Chinese Armed Police officers try to block a photographer from taking pictures on them on a street in Lhasa, capital of southwest China's Tibet Autonomous Region on Saturday, June 21, 2008, as the Olympic torch is to make its way through Tibet's sealed-off capital.
An Olympic torchbearer, Gonpo, a 75-year-old Tibetan mountaineering hero, sets out on a relay through the streets of Lhasa, capital of southwest China's Tibet Autonomous Region on Saturday, June 21, 2008. The Olympic torch made its way through Tibet's sealed-off capital Saturday, a day after a Chinese official announced additional sentences handed down over anti-government riots that rocked the city three months earlier.
Chinese Armed Police officers stand on guard along the street in Lhasa, capital of southwest China's Tibet Autonomous Region on Saturday, June 21, 2008, as the Olympic torch is to make its way through Tibet's sealed-off capital.
(AP Photos/Kyodo News, Takanori Sekine)
Olympics torch paraded through Tibet
by Ken Teh
LHASA, Tibet, 21 June 2008 (AP) The Olympic torch was paraded through the streets of Tibet's capital Saturday, the site of bloody riots in March that triggered demonstrations along the flame's international relay stops.
Tight security accompanied the flame over its three-hour journey through the historic city, the day after officials announced more jail sentences related to the deadly riots.
The torch next travels to neighboring Qinghai province before gradually winding its way across northern China toward Beijing. A special Aug. 3-5 stop in Sichuan was added to honor victims of last month's earthquake ahead of the Aug. 8 opening ceremony in Beijing.
The roughly 6-mile run began at Norbulingka, the Dalai Lama's former summer palace from where Tibet's traditional Buddhist leader fled into exile in 1959. It ended at a vast square at the base of the hilltop Potala Palace, the traditional seat of Tibetan rulers.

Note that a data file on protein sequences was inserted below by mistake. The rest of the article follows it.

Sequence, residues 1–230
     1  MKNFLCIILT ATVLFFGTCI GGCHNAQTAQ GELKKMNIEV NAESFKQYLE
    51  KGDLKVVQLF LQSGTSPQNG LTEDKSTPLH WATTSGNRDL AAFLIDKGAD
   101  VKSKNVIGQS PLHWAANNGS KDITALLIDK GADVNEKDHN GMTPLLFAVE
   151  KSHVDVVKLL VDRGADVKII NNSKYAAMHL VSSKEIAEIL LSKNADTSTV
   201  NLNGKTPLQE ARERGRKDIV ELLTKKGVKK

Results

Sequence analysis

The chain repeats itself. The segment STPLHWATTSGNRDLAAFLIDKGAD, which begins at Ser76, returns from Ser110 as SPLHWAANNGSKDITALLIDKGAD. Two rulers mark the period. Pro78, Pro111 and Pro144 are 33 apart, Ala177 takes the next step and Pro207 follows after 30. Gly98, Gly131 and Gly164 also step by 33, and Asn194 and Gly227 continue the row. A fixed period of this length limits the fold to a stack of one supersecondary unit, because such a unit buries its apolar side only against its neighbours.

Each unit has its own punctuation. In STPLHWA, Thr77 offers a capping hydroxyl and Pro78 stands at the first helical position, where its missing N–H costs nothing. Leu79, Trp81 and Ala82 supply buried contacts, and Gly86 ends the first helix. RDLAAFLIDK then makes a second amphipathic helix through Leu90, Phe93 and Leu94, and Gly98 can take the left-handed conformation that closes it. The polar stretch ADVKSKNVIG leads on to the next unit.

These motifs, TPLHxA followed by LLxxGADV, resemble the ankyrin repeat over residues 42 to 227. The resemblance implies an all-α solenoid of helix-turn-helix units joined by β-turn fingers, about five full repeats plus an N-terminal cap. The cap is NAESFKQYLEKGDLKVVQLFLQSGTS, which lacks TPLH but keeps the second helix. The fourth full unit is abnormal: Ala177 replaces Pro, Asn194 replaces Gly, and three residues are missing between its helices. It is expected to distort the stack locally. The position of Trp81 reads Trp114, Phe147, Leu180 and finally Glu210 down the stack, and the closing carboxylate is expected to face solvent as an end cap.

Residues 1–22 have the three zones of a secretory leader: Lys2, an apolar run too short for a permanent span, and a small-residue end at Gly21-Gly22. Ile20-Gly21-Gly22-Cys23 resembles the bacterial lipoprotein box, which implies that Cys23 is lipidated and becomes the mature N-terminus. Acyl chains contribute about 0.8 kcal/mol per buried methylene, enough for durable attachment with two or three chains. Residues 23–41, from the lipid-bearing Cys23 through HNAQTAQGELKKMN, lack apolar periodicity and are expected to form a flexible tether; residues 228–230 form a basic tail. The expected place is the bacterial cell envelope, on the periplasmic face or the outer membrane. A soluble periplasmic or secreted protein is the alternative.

Hundreds of police and paramilitary troops lined the route. Onlookers, who had been carefully screened beforehand, waved flags and chanted "go China."
About half of the 156 torch runners were ethnic Tibetan, the official Xinhua News Agency said.
The Lhasa leg saw the reunion of the main torch with a separate one carried earlier to the top of Mount Everest — one of the highlights of the grandiose global relay that drew ugly confrontations at some of its international stops between Chinese supporters and groups protesting Beijing's human rights record and policies toward Tibet and Sudan.
On Friday, Palma Trily, the vice-governor of Tibet's Chinese-appointed administration, told foreign reporters Tibetan exile groups were seeking to sabotage the torch run. The reporters were required to travel in a closely guarded convoy and only allowed to cover the opening and closing legs, isolating them from contact with ordinary residents.
Lhasa, which has been under a security lockdown since the riots, all but shut down for the relay, with streets deserted and most shops closed.
A security cordon was thrown up around Potala Square, with costumed performers taking the place of Buddhist pilgrims who visit to turn prayer wheels and prostrate themselves in front of the palace, which is now a museum.
Palma Trily also announced that 12 more people had been sentenced for taking part in the March 14 riot in the city that spawned further protests throughout Tibetan-inhabited regions of western China. He gave no details about their offenses or the punishments meted out.
Palma Trily said another 1,157 people had been released from detention over minor offenses related to the violent anti-government protests, in which Beijing says 22 people died.
Chinese officials say the Dalai Lama, Tibet's exiled Buddhist leader, was behind the March unrest. They also accuse the 1989 Nobel Peace Prize laureate of trying to sabotage the Beijing Olympics and preparing "suicide squads" to carry out attacks. The Dalai Lama has denied the charges.
Tibet is still closed to foreign tourists. Foreign journalists have been allowed to visit only as part of closely monitored government tours.
Activist groups say the torch relay leg in Tibet and the separate relay to the peak of Mount Everest are an attempt by Chinese leaders to symbolize their control over the Himalayan region.
China says it has ruled Tibet for centuries, although many Tibetans say their homeland was essentially independent for much of that time.
New York-based Human Rights in China called the Lhasa relay a "provocative decision" that harmed efforts to "find a peaceful long-term solution for Tibet and the region."
Copyright © 2008 Associated Press